In the future, farmers may need crops that can cope with intensifying atmospheric drying, also known as vapor pressure deficit, according to newly published research from the University of Minnesota and Western University in Ontario, Canada.

Less vapor pressure causes the atmosphere to pull water vapor from other sources such as animals and plants, causing them to dry out and leading to lower yields, even in water-rich states like Minnesota, said senior author Walid Sadok, an assistant professor in the Department of Agronomy and Plant Genetics at the University of Minnesota.

Atmospheric drying has been observed worldwide since the early 2000s, has been rising in recent years and looks to worsen in coming decades as climate change intensifies, the university said. The findings were published in the journal Global Change Biology.

“We believe a climate change-driven increase in atmospheric drying will reduce plant productivity and crop yields — both in Minnesota and globally,” said Sadok.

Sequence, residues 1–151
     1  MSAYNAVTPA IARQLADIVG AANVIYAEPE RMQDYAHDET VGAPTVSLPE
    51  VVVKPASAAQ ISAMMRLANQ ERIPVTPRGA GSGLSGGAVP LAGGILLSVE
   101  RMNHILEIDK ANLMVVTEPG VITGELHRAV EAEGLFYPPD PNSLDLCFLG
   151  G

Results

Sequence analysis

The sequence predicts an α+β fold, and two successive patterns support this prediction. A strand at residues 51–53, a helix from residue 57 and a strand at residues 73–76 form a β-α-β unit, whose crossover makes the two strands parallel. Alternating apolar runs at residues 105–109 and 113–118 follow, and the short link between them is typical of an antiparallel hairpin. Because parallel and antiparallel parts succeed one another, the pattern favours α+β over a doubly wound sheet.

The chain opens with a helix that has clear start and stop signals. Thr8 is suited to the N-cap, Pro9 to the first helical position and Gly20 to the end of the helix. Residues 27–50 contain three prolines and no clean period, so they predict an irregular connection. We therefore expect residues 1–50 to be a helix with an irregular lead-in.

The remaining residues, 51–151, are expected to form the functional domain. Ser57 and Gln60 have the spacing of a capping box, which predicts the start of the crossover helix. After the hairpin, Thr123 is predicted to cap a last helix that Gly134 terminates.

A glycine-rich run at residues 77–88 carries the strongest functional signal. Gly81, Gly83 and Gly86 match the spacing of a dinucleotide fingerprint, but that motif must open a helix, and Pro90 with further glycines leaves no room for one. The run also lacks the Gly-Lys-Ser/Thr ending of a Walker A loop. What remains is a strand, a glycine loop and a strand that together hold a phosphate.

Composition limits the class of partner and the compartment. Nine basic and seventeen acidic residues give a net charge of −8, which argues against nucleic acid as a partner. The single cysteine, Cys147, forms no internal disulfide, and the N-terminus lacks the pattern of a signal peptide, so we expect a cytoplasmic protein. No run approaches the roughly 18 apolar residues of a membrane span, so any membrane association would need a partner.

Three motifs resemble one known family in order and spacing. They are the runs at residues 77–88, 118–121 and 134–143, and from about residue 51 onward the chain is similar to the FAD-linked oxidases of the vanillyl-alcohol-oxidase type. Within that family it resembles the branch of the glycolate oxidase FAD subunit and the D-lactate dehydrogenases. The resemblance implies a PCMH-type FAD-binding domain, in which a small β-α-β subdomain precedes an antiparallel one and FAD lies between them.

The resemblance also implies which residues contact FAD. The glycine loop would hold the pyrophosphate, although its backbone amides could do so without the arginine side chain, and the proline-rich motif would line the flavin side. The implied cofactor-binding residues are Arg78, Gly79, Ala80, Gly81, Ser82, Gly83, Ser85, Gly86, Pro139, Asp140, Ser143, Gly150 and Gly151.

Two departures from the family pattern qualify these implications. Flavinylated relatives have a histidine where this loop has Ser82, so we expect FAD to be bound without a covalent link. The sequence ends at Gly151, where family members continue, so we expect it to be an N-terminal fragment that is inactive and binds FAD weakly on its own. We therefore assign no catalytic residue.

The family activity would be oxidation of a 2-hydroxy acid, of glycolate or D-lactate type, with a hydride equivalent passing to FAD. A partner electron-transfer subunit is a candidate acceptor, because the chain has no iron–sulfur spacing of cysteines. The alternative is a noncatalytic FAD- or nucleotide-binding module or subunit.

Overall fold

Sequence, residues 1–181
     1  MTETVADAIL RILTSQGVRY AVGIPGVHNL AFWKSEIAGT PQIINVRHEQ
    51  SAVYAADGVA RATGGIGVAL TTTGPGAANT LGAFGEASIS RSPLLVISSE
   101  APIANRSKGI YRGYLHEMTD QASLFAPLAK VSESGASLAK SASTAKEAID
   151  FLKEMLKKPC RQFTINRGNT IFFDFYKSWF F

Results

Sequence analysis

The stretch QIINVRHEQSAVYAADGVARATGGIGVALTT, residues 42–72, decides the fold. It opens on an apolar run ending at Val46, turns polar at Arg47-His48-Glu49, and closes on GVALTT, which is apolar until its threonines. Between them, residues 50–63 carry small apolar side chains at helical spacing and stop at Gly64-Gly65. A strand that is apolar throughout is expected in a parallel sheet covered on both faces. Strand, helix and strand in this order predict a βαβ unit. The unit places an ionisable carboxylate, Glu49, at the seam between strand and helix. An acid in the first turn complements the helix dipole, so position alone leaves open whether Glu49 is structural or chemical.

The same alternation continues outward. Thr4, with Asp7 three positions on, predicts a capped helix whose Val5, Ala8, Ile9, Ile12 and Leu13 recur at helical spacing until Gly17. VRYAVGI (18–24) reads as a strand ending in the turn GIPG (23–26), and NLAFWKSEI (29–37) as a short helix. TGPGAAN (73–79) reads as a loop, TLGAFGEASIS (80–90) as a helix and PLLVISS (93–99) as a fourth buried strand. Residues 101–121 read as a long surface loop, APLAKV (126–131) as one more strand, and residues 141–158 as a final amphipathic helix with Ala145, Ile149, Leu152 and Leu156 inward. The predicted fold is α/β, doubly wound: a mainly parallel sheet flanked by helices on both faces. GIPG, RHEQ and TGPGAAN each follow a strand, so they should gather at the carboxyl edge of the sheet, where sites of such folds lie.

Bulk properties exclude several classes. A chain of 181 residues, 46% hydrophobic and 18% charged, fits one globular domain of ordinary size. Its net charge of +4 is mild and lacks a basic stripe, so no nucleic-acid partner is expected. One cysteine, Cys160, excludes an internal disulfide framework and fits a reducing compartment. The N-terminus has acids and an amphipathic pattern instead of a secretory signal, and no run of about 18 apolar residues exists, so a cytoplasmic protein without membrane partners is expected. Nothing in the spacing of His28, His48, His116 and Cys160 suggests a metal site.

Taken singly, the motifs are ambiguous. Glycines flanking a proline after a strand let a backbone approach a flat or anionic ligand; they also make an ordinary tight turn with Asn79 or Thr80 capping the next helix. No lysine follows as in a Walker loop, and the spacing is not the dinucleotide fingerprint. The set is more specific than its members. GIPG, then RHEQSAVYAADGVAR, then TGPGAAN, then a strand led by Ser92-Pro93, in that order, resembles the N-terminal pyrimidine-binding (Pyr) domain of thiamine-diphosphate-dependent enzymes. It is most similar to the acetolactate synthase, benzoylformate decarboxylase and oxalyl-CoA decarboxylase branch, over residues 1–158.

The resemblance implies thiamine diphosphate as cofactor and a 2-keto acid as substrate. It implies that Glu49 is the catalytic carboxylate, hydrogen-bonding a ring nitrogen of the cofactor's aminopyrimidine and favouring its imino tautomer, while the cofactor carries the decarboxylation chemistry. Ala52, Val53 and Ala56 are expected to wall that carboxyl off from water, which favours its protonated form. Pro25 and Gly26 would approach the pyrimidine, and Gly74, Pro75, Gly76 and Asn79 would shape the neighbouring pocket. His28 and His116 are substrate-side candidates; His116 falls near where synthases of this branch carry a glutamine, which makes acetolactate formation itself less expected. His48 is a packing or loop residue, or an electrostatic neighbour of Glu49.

To adapt, various plant species — including wheat, corn, and even birch trees — reprogram themselves to grow smaller, shorter and more resistant to drought, even if the drought itself does not happen. They become less able to fix atmospheric CO2 to perform photosynthesis and produce seeds. The net result? Productivity decreases.

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"As we race to increase production to feed a bigger population, this is a new hurdle that will need to be cleared,” said Sadok. “Atmospheric drying could limit yields, even in regions where irrigation or soil moisture is not limiting, such as Minnesota.”

The university said that their findings could help produce varieties that are more resistant to climate change.

The research was funded by the Minnesota Wheat Research & Promotion Council, the Minnesota Soybean Research and Promotion Council and the Minnesota Department of Agriculture.